Root Canals New Westminster
Root canals can be required for a variety of reasons. One primary cause for needing a root canal is excessive decay of a tooth that invades the nerve and blood supply. When this happens the tooth becomes non-vital (abscessed) often causing discomfort for the patient. Another frequent cause for the need of a root canal is a ‘deep filling’. Sometimes the decay goes very deep but does not infect the nerve of the tooth quite yet. In these cases when the decay is removed the nerve is irritated simply because we are working so close to it. Sometimes the nerve can recover but other times it becomes irreversibly irritated and the only way to eliminate the cause of discomfort is to remove the nerve of the tooth (a root canal).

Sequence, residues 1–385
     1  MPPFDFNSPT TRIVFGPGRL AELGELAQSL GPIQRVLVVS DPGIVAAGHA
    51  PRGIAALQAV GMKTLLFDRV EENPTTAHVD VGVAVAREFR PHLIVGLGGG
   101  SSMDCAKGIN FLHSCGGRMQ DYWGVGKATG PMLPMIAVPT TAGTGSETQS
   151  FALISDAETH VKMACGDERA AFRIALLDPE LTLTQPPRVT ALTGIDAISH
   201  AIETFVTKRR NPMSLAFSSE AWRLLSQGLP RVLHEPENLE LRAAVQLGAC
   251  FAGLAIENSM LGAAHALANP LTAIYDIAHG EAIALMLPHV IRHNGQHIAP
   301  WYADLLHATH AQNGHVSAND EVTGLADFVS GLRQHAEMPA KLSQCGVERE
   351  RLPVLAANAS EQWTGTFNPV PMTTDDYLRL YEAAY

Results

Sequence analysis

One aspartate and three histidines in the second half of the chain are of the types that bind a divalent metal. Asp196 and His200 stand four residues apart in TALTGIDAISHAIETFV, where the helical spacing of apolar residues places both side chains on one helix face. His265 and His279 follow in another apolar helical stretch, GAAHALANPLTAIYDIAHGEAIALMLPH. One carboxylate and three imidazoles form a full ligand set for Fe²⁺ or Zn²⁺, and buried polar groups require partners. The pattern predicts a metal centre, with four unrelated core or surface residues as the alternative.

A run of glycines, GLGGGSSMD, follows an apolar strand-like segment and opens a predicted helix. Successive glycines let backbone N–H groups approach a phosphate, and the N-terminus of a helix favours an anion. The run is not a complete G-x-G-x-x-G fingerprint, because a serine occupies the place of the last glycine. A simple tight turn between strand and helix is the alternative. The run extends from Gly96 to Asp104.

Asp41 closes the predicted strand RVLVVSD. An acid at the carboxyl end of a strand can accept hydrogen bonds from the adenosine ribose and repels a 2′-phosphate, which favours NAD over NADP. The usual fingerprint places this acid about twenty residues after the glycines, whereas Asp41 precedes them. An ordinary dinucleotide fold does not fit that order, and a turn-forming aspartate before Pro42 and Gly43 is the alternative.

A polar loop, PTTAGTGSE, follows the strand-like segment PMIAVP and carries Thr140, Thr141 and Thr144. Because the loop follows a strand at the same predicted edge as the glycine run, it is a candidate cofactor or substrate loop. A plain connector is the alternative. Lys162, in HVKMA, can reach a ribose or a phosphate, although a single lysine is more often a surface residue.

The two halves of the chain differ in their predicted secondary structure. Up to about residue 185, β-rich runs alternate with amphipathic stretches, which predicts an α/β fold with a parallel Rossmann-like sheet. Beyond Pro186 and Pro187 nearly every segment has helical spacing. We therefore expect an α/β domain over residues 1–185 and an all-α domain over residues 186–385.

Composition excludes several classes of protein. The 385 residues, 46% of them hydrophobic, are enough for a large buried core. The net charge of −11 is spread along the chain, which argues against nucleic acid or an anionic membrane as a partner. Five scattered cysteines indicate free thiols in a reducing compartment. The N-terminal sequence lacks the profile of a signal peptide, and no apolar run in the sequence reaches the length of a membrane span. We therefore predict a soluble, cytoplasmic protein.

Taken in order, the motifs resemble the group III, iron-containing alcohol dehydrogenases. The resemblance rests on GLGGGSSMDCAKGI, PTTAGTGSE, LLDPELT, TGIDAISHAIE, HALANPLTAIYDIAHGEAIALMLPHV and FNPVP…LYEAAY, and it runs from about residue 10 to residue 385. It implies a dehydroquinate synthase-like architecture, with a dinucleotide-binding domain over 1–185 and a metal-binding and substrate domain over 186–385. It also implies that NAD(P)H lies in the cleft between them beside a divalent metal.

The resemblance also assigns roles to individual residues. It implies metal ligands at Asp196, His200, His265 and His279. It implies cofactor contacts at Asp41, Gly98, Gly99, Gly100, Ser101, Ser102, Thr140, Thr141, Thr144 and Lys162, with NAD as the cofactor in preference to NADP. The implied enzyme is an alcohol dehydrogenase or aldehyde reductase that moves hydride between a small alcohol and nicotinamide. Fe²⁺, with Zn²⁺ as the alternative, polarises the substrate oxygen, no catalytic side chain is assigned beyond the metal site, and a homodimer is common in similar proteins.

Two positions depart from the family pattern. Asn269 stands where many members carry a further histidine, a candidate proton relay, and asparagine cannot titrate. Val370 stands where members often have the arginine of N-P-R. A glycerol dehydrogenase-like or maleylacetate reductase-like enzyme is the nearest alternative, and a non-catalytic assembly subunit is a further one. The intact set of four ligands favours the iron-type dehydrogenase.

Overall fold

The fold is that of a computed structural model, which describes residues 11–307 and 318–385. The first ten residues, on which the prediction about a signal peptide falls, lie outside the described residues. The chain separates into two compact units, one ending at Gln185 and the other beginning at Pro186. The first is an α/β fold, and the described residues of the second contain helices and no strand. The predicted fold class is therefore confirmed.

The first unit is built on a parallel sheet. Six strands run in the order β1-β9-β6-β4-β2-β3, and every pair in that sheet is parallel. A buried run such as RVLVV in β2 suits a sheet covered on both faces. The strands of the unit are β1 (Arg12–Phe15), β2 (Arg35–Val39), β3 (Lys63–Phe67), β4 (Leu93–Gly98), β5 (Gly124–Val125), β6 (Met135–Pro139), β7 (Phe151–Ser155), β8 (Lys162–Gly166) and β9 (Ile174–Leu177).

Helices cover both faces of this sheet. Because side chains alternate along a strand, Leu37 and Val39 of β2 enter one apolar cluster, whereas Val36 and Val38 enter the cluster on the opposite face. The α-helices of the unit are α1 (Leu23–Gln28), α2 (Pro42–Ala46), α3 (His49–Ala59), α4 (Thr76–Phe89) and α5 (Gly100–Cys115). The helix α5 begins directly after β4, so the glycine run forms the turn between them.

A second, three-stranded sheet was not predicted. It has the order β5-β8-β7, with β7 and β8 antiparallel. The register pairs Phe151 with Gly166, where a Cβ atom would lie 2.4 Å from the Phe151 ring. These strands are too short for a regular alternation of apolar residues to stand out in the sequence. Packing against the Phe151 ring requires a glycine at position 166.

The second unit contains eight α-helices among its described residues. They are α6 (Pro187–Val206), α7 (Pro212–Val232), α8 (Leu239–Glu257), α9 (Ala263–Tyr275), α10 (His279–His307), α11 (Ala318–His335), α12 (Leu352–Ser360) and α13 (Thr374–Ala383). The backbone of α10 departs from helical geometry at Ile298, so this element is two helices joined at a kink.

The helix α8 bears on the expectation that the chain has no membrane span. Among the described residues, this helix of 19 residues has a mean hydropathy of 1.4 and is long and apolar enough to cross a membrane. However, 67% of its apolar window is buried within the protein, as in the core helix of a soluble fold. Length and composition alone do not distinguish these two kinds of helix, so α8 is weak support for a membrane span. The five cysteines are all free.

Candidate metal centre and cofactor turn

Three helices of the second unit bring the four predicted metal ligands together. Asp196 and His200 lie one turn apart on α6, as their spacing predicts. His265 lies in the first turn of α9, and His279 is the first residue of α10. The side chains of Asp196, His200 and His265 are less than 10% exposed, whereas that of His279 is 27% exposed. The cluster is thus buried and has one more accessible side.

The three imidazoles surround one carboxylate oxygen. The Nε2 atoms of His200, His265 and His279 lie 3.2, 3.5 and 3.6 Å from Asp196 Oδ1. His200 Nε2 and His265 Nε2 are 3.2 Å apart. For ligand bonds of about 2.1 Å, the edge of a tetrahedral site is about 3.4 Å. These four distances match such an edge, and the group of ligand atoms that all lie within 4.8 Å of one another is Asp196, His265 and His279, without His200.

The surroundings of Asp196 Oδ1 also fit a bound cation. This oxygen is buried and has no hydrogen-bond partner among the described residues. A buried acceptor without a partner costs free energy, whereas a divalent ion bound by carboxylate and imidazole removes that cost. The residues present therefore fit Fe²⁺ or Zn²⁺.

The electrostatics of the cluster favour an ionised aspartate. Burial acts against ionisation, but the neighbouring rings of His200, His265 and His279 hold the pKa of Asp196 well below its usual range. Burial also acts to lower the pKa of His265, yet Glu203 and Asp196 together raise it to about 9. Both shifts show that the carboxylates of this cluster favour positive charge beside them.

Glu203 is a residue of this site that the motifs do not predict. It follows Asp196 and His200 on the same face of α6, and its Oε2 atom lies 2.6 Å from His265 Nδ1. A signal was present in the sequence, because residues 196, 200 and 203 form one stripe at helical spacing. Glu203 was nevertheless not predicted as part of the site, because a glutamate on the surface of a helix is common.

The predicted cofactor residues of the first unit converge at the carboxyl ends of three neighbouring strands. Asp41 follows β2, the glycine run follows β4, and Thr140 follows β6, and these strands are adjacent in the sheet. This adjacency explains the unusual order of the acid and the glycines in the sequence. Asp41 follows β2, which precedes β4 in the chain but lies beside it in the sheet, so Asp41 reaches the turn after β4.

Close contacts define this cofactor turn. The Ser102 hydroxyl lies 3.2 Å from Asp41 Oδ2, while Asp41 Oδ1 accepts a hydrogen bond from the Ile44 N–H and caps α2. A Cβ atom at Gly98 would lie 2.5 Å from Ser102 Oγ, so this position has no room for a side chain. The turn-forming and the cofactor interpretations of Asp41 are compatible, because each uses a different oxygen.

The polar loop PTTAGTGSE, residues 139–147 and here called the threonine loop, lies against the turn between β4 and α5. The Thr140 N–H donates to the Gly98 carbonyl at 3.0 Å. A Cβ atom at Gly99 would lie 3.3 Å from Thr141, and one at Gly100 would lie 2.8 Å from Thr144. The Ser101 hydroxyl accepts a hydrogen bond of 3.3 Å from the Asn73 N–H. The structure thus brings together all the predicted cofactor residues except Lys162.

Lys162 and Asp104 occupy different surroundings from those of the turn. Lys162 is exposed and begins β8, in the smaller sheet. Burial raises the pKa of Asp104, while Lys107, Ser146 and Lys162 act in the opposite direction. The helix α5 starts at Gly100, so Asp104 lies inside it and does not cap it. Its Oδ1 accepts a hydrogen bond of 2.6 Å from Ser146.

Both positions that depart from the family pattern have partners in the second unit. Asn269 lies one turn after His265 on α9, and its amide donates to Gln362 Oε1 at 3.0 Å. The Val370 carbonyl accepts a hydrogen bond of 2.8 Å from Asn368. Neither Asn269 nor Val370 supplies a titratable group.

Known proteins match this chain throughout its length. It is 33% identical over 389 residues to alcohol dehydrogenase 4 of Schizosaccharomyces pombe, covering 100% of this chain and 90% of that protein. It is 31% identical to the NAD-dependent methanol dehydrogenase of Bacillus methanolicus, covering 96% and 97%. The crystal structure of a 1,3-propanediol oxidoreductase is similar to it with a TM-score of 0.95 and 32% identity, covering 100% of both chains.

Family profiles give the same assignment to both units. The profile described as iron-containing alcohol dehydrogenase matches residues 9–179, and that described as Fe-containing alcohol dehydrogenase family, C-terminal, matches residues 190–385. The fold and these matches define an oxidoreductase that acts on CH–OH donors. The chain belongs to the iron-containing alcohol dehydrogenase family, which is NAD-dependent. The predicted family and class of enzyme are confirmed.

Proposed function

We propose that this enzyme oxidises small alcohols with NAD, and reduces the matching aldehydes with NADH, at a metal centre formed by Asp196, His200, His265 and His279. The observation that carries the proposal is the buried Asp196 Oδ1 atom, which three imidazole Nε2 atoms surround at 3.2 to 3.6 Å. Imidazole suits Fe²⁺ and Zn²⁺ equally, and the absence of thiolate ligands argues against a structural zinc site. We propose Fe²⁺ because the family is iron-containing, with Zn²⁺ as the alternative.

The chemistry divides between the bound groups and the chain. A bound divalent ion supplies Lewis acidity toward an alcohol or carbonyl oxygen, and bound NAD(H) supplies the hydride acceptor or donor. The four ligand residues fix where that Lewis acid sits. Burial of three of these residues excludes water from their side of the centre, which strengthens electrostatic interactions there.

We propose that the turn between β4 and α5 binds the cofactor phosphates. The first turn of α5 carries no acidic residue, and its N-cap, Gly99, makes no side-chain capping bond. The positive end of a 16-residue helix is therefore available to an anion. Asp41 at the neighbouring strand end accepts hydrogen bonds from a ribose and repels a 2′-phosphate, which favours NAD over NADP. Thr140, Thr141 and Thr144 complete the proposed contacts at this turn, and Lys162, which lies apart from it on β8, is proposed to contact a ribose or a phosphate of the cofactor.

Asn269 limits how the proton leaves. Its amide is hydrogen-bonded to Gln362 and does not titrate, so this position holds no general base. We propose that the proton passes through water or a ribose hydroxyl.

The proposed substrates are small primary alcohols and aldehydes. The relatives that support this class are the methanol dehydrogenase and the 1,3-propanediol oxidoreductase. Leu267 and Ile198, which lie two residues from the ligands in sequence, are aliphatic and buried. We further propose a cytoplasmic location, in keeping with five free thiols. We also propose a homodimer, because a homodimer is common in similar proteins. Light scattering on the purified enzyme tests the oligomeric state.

Root canal treatment:
- The patient is well anaesthetized with local anesthetic
- The core of the tooth is accessed using a drill by creating a small hole in the top of the tooth
- The root(s) are measured giving us the information we need to complete the root canal appropriately
- The nerve(s) is/are removed from the tooth
- Using a sequence of files the inside of the tooth (former nerve space) is enlarged to a size appropriate to accept the filler material
- Between each file, the tooth is rinsed out using an irrigant that helps to sterilize the tooth.
- Once the inside of the tooth is adequately shaped and cleaned it is filled with gutta percha (filler material) that prevents reinfection of the tooth.
Despite common belief, most patients do not experience any discomfort during or after root canal procedures. In fact, in most cases the root canal relieves discomfort rather than causes it.